More than 20 years on and Hall Spars’ reputation for creating elegant – and seamless – proven performance carbon spars still only improves…
Almost every raceboat of any size built in the past two decades has been fitted with a carbon spar, as have many larger cruiser/racers and every large sailing yacht of any type over 20m. The advantages in safety and performance are just too great to ignore, and composite spar manufacturing has been refined to a remarkable level of reliability that exceeds even where alloy was at its peak a quarter of a century ago.
Hall Spars have been a pioneer in this field for almost four decades. The company has produced countless championship-winning spars, with a clear commitment to continuous development to remain at the cutting edge of a competitive field, where not only is light weight important, but strength and reliability are crucial. This is especially true for spars supplied for series-built production boats where efficiencies in production timing and cost are also important parameters.
Hall Spars’ approach to carbon sparmaking was from the very beginning to build their rigs in a seamless process, which has set them apart. Ben and Eric Hall recognised the advantages of using male mandrels in construction when they started building their first carbon spars in 1984.
With this method a tapered mast plug is selected, which matches the dimensions of the tapered and untapered portion of the spar. These are typically alloy extrusion blanks that have sections that can be added as needed to match the dimensions of the final product, and then made smooth. The simplicity of Hall’s mould designs also makes the sealing of these moulds straightforward, which in turn allows for high autoclave pressures to gain good fibre consolidation.
With the aid of a motor-driven mechanism to rotate the plug, unidirectional carbon fibre tapes are placed longitudinally as well as wrapped in tension concentrically around the mandrel so that the fibres are aligned to the load paths in the spar at a range of ply angles (typically 0, 45 and 90°).
The tube is then reinforced with patch stacks of biaxial cloth used at attachment and reinforcement points outside the basic laminate, such as at spreader roots, halyard exits, the boom gooseneck, vang lug and so on. The amount of material, its modulus and cloth weight, number of layers and their orientation can all be customised to the locations where needed in the spar structure. This produces ‘power’ bulges on the outside of the spar where there is reinforcement. As this is a process where inside lamination is not required, it is faster and more cost-efficient.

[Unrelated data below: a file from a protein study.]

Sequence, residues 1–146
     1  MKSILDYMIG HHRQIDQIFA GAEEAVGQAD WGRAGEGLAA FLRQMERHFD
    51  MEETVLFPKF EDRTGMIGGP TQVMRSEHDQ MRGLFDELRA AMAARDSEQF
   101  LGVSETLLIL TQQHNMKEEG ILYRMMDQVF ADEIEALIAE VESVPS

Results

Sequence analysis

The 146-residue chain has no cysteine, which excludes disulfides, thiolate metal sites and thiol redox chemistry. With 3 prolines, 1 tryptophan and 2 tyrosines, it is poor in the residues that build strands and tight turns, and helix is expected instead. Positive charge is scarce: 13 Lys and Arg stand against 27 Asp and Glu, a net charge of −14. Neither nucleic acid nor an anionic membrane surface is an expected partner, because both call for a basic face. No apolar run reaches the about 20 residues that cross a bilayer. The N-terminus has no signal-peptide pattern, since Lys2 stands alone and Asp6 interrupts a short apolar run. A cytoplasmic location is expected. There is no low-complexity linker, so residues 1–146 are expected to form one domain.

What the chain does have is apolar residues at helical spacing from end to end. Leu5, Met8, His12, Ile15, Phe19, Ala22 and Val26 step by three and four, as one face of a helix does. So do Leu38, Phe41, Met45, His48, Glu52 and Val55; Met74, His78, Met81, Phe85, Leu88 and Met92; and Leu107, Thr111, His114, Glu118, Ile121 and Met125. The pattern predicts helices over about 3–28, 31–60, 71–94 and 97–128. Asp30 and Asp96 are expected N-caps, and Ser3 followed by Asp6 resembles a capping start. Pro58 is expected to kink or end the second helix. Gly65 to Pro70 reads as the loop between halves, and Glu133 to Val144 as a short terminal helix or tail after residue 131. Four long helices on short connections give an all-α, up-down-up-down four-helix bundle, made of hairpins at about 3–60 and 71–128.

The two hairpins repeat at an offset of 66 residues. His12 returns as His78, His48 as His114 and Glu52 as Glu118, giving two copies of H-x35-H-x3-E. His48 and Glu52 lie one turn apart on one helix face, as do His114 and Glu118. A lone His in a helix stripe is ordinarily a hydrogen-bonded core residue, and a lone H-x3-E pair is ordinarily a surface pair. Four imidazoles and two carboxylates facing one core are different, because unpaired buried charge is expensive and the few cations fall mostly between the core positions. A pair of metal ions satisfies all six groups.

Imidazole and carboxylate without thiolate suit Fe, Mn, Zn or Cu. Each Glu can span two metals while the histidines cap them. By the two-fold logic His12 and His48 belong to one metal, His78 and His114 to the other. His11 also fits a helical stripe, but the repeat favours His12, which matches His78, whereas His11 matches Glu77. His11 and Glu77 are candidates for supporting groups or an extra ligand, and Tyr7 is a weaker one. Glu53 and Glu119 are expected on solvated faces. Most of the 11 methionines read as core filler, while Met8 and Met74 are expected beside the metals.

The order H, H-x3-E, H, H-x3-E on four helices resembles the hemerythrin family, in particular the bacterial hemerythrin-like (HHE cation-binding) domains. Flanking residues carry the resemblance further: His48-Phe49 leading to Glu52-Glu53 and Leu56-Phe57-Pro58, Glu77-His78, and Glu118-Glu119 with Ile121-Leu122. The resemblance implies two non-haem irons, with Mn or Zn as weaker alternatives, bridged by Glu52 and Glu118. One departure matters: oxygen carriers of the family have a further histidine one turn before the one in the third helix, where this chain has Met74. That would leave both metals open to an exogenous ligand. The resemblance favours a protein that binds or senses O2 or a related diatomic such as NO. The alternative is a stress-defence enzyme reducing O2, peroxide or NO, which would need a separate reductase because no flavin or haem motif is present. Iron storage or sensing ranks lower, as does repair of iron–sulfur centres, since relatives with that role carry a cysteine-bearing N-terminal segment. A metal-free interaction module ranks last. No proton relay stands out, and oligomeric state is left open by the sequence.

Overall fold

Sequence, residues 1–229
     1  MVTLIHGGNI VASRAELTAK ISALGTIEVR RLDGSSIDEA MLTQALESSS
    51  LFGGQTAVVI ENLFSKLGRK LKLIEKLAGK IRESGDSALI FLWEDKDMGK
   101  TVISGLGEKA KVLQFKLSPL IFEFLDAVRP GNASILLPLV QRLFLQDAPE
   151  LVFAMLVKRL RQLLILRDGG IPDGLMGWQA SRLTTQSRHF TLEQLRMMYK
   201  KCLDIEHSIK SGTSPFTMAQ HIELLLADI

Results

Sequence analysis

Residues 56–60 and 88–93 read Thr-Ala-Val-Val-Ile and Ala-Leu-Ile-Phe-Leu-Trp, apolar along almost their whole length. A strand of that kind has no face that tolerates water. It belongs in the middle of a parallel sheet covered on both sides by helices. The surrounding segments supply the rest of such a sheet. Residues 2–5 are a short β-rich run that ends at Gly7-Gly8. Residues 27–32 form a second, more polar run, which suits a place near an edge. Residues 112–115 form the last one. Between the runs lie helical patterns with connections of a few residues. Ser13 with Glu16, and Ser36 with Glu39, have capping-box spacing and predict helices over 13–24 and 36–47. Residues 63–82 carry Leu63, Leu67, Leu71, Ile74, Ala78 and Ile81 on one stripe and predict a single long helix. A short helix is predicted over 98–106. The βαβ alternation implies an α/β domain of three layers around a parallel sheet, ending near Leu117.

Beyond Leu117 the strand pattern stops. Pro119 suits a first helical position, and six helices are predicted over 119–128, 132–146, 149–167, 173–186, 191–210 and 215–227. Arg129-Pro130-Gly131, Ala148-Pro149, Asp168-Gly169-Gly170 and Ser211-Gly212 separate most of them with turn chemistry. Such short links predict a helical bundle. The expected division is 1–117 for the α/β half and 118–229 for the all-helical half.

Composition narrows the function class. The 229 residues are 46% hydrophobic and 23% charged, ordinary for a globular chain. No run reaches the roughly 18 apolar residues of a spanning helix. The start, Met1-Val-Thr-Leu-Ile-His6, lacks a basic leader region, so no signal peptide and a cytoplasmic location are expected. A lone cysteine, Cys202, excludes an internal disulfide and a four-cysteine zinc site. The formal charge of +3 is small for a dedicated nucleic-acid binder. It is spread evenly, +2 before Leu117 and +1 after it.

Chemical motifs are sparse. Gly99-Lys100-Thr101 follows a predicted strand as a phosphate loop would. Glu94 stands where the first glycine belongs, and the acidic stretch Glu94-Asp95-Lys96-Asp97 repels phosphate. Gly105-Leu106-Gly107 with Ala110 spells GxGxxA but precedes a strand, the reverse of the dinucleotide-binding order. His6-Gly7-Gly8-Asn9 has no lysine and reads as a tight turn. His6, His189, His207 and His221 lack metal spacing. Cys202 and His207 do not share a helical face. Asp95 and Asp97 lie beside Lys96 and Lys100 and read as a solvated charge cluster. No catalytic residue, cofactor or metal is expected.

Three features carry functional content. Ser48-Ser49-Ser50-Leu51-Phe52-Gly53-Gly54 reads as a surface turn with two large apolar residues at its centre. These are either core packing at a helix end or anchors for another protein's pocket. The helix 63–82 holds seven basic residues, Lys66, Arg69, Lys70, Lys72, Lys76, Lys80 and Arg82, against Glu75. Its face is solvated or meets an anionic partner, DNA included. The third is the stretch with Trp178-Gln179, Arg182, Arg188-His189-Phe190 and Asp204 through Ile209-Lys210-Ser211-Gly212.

After initial lay-up the laminate is wrapped tight and placed with its mandrel in the heat and pressure of an autoclave to catalyse hardening of the pre-impregnated resins. Once cured, the mandrel is removed and, with minimal grinding and fairing needed, the spar is either clearcoated or finished with a paint coating of the client’s choice. The result is a seamless carbon tube ready for assembly and, particularly when clear-coated (as it often is), the visual effect is always stunning.
Hall Spars’ use of a range of pre-fabrication and remote access techniques developed over many years ensures a strong, clean and effective internal fitout of the spar as well. This has benefits by reducing friction when internal halyards and other cables and fittings are run inside the spar. It also almost total eliminates carbon waste: all the fibre that is laid in the laminate ends up being cured into the spar.
In summary, advantages include:
- Composites are at their best when load-bearing fibres are continuous in the structure, and the reliance on resins for bonding are at a minimum
- Fibre layouts can be customised easily to the desired engineering characteristics of the spar design
- Use of pre-preg materials optimises fibre-resin ratios and thus strength-weight ratios as well, and is clean and efficient in the layup phase, with little waste material
- This lay-up method is faster
- Autoclave pressures can be higher, allowing for greater finished strength in the laminates.
Hall Spars were recently acquired by the North Technology Group and now operate out of their original facility in Breskens in the Netherlands as well as in Auckland and a new service centre in Portsmouth, RI, in the US. With successful integration into this major marine industry group Hall’s strong commitment to quality and reliability has only been reinforced.
‘We see the addition of Hall Spars as a further strengthening of the group’s mast-making skills,’ said Sam Watson, CEO of North Group’s mast businesses. ‘It broadens our reach with the addition of the male mandrel mastbuilding technology, which is a great approach for series production.
‘We are aware of the advantages both production processes bring, however, and will endeavour to ensure the client is always fully informed to make the correct choice.
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